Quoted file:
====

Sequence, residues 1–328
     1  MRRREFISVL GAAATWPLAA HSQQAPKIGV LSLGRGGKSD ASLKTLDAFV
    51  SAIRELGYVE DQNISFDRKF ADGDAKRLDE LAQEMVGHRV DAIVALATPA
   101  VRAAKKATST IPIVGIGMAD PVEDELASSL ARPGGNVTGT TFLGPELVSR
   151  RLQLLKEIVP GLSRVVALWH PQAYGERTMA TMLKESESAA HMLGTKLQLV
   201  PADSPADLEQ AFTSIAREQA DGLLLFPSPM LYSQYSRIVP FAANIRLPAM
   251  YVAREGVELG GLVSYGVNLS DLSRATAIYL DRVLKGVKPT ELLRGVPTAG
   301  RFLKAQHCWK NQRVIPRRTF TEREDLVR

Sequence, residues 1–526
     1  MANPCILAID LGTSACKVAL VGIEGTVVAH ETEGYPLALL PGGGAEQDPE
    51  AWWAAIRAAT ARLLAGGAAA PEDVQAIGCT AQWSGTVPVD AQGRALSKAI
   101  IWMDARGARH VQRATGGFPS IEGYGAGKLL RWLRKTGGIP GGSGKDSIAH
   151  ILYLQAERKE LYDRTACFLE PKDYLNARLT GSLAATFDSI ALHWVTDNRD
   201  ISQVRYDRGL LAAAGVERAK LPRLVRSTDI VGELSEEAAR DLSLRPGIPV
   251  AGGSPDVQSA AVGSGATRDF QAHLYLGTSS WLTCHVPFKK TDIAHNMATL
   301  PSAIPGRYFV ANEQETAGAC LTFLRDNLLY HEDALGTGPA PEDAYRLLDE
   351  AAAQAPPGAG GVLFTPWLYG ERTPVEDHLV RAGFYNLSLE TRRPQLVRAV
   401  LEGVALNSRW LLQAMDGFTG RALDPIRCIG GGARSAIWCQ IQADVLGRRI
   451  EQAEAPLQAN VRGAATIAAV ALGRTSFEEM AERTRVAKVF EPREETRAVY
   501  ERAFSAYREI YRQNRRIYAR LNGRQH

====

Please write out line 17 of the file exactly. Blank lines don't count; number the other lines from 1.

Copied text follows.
   351  AAAQAPPGAG GVLFTPWLYG ERTPVEDHLV RAGFYNLSLE TRRPQLVRAV